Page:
End Homelessness with SWB Delivers Outreach Program

End Homelessness with SWB Delivers Outreach Program

From Detra L Harris

Help us service 70 homeless encampments in the San Francisco Bay Area by providing access to immediate housing, permanent affordable housing, housing case management, community resources and financial literacy programs.

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SWB Delivers Outreach Program Services

SWB Delivers Outreach Program was originally formed in 2016 as an extension to Strive Wealth Builders, Inc. give back to our communities' platform.  Community events include, but not limited to, financial literacy workshops, food pantries, housing placements services, coat drives, and collaboration with other nonprofit organizations to best serve low-income communities collectively. In 2021, the founders of Strive Wealth Builders, Inc. formed SWB Delivers Outreach Program as a nonprofit organization operating in California and Pennsylvania.

The corporate office is located at 828 San Pablo Avenue, Suite 106C, Albany, California 94706. Hours of operation is Monday to Friday, 9am to 6pm (pacific standard time).  Our staff consist of one full time Program Director, one (1) part-time Housing Counselor, three (3) volunteer Housing Counselors, one (1) part-time Housing Coordinator and two (2) volunteer Program Assistants. The Board of Directors consist of three (4) board members who hold two-year terms.

Company Goals and Objectives The mission of SWB Delivers is to end homelessness and provide financial literacy programs that create wealth in disadvantaged communities. It is our goal to provide affordable housing and support services to families that fall between 20% to 60% AMI by offering housing placement, financial literacy programs, job training and placement, in addition to homeownership opportunities. The strategy prepared to administer these goals are projected in the marketing analysis section of the business plan.

The Problem

On a single night in 2019, roughly 568,000 people were experiencing homelessness in the United States. Nearly two-thirds (63%) were staying in sheltered locations—emergency shelters or transitional housing programs—and more than one-third (37%) were in unsheltered locations such as on the street, in abandoned buildings, or in other places not suitable for human habitation.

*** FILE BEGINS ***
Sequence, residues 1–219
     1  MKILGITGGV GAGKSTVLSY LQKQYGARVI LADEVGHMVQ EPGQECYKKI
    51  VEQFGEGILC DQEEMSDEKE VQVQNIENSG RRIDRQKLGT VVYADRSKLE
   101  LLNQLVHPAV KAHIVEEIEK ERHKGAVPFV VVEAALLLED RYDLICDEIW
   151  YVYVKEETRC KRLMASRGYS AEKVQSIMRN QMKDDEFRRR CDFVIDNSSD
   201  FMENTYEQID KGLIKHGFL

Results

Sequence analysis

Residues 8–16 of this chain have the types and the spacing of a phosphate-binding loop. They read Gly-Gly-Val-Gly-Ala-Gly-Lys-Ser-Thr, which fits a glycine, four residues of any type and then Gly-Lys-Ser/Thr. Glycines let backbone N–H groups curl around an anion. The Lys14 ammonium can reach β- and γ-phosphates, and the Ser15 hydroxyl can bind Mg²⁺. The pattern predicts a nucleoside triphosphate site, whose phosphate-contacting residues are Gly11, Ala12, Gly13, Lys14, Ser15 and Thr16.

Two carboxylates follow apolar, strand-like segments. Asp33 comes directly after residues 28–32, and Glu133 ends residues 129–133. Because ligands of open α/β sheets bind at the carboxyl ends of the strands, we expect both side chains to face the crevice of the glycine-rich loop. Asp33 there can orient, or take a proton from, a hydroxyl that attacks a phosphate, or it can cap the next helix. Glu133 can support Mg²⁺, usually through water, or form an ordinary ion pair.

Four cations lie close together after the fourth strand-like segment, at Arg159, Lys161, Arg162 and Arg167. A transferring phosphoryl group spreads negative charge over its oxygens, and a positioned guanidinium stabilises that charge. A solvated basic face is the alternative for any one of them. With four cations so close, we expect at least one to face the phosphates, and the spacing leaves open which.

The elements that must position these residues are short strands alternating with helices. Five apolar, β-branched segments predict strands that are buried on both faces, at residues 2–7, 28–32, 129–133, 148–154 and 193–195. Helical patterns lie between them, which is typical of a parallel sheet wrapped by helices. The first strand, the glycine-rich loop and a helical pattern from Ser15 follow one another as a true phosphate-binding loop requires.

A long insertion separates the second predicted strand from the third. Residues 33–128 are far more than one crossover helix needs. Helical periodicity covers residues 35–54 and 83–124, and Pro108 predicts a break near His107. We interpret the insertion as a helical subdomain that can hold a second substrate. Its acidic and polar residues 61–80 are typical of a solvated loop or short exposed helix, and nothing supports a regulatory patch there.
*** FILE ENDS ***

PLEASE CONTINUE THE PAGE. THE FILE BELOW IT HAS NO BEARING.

While homelessness in most states declined between 2018 and 2019, homelessness in California increased by 16 percent, or 21,306 people. The large increase in California is reflected in a nationwide increase of 3 percent, or 14,885 people experiencing homelessness, between 2019 and 2021.

As of 2021, California is experiencing a shortage of 1.4 million affordable homes given the demand for affordable housing. CA major metro areas have higher rates of severe rent burden (renters who spend more than 50% of their household income on rent) than the average U.S. metro area.

Black people have experienced over representation in the criminal justice system, housing segregation and employment discrimination, which have led to their disproportionate representation in the homeless population.

In California, 72% of people experiencing homelessness are unsheltered, which is the highest share of unsheltered homelessness of any state. People experiencing unsheltered homelessness are far more likely to face health challenges, violence and trauma, and longer lengths of homelessness than people staying in shelters.


On any given day, over 15,000 Pennsylvanians are known to be homeless and in the Balance of State areas, the more rural regions over 8,000 individuals including children were experiencing homelessness either being on the streets, doubled up with family or friends, or in shelters.

Over half (53.3%) of the homeless population were Black or African American. White persons also accounted for 40.9% of the homeless population. Just under six percent of Pennsylvania's homeless individuals were of another race.  Of the 14,138 homeless persons, 10.2% reported a Hispanic or Latino origin.

Nearly 2,000 homeless individuals were victims of domestic abuse during 2017 in Pennsylvania. Just under 1,500 homeless individuals were chronically homeless. Finally, nearly 1,000 homeless individuals in the Commonwealth were veterans.

The Solution

SWB Delivers will provide services to the following population. Program beneficiaries include homeless individuals over the age of 18 years old, low-income households between 20% to 60% AMI, mature persons ages 62 and older, veterans and disabled persons. We serve the following population:

Other Ways You Can Help

We also accept in-kind donations for permanent housing placement program participants to furnish their homes, food for groceries, work clothing for men and women.

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